Van Gogh's ear appears in downtown New York

There are fewer stories in the world of fine art with more legend attached to them than the story of Van Gogh’s ear.
There are several prominent theories available that attempt to explain how the Dutch painter lost his earlobe in 1888.
Some historians claim it was done as a response to the engagement of his brother, while others have said it may have been carried out by Paul Gauguin during a fight.
There have even been suggestions that the whole story had simply been made up.
The truth of the story is not important to many, indeed it seems to have added an extra layer of mystique to the enigmatic painter, whose works have dazzled audiences for over a century.

A swimming pool tribute

Now, Scandinavian duo Michael Elmgreen and Ingar Dragset have offered their own take on the story, installing their own tribute to the world-renowned post-impressionist painter with an old domestic swimming pool, which is (unsurprisingly) shaped suspiciously like an ear.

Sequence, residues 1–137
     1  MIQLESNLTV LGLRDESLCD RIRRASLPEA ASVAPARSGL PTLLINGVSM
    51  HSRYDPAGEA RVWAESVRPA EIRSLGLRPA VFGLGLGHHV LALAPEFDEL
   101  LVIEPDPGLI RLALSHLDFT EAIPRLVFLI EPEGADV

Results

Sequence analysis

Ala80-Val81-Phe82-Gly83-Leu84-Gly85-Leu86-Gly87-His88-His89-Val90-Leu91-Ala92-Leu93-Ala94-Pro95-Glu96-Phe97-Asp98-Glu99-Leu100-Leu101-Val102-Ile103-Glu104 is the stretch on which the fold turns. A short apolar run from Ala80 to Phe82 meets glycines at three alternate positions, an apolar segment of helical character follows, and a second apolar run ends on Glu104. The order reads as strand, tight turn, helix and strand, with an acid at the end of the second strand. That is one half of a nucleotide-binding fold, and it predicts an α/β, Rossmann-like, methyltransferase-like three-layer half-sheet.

The fascination attached to Van Gogh has not been lost on the two artists, who appear keen to encompass his legacy into their other influences.
Explaining the piece, which has been installed at the Rockefeller Center, close to the entrance of the Channel Gardens, Elmgreen told The Guardian: “It’s a piece about the memory of Van Gogh.
“It’s not an exact proportion to his ear, but it resembles an ear.”
“Nobody really knows how that story came about, if it’s true, if it’s proven,” added Dragset. “Maybe Gauguin and Van Gogh invented the story together? It’s a fascinating thing.”

‘Fetish’ for swimming pools

A swimming pool might not be the first thing that springs to mind when thinking of a way to honour one of the most famous painters of all time, but for this innovative duo it makes perfect sense.
“We have an ongoing fetish with swimming pools,” said Elmgreen.
Indeed the first sculpture to be produced by the duo was a diving board hanging outside a window, which is now on permanent display at Denmark’s Louisiana Museum.
And at the Venice Biennale in 2009, the pair had a wax figure floating in a pool as part of their piece Death of a Collector.
The latest piece was inspired by west coast roadside display pools. “The pool has the ambience of California, the plenty-of-space good life from the 1950s and 1960s,” said Elmgreen.
“And that is everything the Rockefeller is not, which is busy, east coast, dense and urban. We thought it would be interesting to put that symbol of the good, middle-class leisure life out in that environment.”
However, the artists have still managed to hark back to the European roots of both themselves and Van Gogh by using a pool from Poland rather than California.
It could well be the most interesting tribute to one of art’s most complex and fascinating figures.